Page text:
Four Situations When You Should Consider a Prenuptial Agreement
If you are planning to marry, you should have a prenuptial agreement if:
- it's your first marriage, and you are an elder couple; or
- one, or both, have been previously married, especially if either party (or both) have children from the previous marriage; or
- one spouse has a hazardous occupation or health problems; or
- one spouse is involved in owning and operating a family business.
A Prenuptial Agreement is an important tool that can protect both spouses when a couple decides to marry later in life. Under Massachusetts law, the prenuptial agreement can limit the rights of a husband or wife to the whole or any part of any property or assets that are brought to the marriage. Mass. Gen. Laws ch. 209, §25.
The agreement can set out the rights of the surviving spouse upon death of a spouse, and/or upon divorce. The agreement will be considered a valid contract, as long as both parties were open and honest about their income, assets, liabilities when they made the agreement.
Five Sample Provisions
This 5 point list is just a sample of the specific decisions that you can write into a prenuptial agreement.:
Things You Cannot Do With a Prenup
There are some things a prenuptial agreement cannot do:
- it cannot waive the rights of the affianced to a qualified plan. Under the Retirement Equity Act of 1984, [26 USC §401(a)(11) and §417] the Joint and Survivor Annuity form of payment is required, unless your spouse has explicitly waived the right to receive benefits from most qualified plans. (This spousal waiver requirement does NOT apply to IRA's). But, the spouse's rights to the qualified plan cannot be waived in a prenuptial agreement. "An agreement entered into prior to marriage does not satisfy the applicable consent requirement." That's because the "waiver" would have been made before the couple were spouses.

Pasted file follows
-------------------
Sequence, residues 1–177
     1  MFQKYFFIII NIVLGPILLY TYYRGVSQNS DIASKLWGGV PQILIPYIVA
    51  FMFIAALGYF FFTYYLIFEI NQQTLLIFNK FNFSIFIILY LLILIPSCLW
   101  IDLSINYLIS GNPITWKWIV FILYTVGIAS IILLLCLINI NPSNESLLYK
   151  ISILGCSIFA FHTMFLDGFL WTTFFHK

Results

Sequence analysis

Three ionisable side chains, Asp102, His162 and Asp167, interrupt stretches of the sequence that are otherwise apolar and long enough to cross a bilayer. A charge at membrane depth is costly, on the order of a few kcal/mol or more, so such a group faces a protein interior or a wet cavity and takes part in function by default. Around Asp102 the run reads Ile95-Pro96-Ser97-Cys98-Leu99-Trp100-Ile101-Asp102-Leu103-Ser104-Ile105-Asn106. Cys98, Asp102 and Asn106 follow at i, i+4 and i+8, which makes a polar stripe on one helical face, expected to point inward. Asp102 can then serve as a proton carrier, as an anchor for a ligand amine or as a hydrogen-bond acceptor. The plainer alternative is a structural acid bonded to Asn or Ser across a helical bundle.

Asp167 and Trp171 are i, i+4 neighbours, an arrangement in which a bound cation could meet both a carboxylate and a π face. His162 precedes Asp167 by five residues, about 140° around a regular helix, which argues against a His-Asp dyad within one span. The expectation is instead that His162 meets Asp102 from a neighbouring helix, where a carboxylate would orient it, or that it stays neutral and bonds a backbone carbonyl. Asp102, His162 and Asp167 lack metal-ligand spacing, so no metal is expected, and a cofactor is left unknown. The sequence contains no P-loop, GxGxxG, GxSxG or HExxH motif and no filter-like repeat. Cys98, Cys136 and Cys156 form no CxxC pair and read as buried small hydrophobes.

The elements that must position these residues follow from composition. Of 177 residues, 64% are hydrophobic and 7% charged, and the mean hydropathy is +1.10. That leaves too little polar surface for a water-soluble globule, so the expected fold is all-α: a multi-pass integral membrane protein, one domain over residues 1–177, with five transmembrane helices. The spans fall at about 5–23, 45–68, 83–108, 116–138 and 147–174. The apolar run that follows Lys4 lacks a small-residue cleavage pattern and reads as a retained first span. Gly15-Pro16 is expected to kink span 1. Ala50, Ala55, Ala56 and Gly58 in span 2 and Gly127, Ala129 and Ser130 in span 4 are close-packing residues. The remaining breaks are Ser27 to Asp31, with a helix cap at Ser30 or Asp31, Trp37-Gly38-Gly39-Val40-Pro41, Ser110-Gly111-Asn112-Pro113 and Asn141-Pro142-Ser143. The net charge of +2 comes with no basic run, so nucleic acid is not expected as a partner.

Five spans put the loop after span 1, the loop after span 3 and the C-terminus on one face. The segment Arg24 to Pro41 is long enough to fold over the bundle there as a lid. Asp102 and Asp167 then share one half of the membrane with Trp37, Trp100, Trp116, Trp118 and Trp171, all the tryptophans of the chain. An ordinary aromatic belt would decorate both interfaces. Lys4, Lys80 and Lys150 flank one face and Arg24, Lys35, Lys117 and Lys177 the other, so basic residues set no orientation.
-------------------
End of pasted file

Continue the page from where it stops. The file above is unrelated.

- it cannot enforce the ownership rights to real estate against third parties (people other than the spouses) unless it is recorded in the registry of deeds within 90 days after the marriage. Mass. Gen. Laws ch. 209 §26.
If you are planning to marry, we can work with the attorney for your spouse, and prepare an agreement that will serve your needs, and protect the interests and harmony of your family. Please call us for an appointment.
Case Examples Illustrate What Can Happen When the Couple Does Not Have a Valid Prenuptial Agreement
Wife did not understand
Wife allowed to contest PreNup and deceased Husband's Estate in North Carolina court.
Executors of Estate of the Widow of
Country Music Star Jim Reeves could not use a Prenuptial Agreement to defend claims by Mary Reeve's second husband.
Nashville Appeals Court found that
surviving husband had not been given a detailed schedule of Mary Reeve's assets.